Judge a Book by its Cover: ‘Elsey Come Home’

Reviewing books based solely on their looks

A tiny book packed full of a woman’s journey to self-acceptance.

Where do I even begin with this book? Susan Conley managed to put so much into this tiny book.

The beginnings of the decline of a marriage and the mending of it. The musings of an abusive relationship turned to an escape to America. The loss of creativity due to the responsibility of parenthood. The grief of losing a childhood. The inklings of an alcohol addiction solved by a week at a mountain resort in China.

Elsey is an artist turned estranged mother who is fighting between her love for her work and her children, as well as healing from a surgery done to her thyroid. She is torn by who she is to her husband, her children, her friends and her family.

When her husband Lukas urges her to a yoga retreat in the mountains, she is leery, but deep down she knows that the retreat is the only way to save her marriage and keep her children in her life.

Elsey is many things, but a yoga-and-share-your-feelings-with-strangers type of person is not one of them.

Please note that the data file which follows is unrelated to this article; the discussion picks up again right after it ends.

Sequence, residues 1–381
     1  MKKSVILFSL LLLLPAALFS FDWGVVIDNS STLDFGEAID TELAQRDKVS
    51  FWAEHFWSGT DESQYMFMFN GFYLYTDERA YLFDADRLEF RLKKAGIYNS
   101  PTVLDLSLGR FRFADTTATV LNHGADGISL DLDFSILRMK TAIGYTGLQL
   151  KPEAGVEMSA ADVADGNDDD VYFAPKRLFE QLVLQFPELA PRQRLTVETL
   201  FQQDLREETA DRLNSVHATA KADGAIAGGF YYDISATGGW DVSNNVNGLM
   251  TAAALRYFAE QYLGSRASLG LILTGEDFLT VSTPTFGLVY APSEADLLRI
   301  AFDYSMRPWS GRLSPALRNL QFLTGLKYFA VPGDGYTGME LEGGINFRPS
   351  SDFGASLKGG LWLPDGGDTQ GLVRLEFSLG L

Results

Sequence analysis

During the retreat, she longs for the taste of alcohol, but her love for her children wins over her love for the bottle.

Through her inner monologue, it’s not mentioned, but she slowly finds herself accepting the role of who she is when she is reduced to silence at the mountain retreat. The silence allows her to really think about her life and how she got to where she is — a starving artist with an addiction to alcohol.

While reading the book, I struggled to understand exactly what the book was aiming for. It wasn’t until the end that I understood that it was a journey toward self-acceptance and self-realization for Elsey.

“Elsey come home,” reads the sign her husband will hold while he awaits his wife’s arrival at the airport with their children. But Elsey coming home is really Elsey coming back to herself.

Multiple times, she mentions being “far away” from her husband and needing to find him again. Though her role in their home is awkward at first, she eventually finds balance between all of her roles as an artist, a mother, a wife and a sister.

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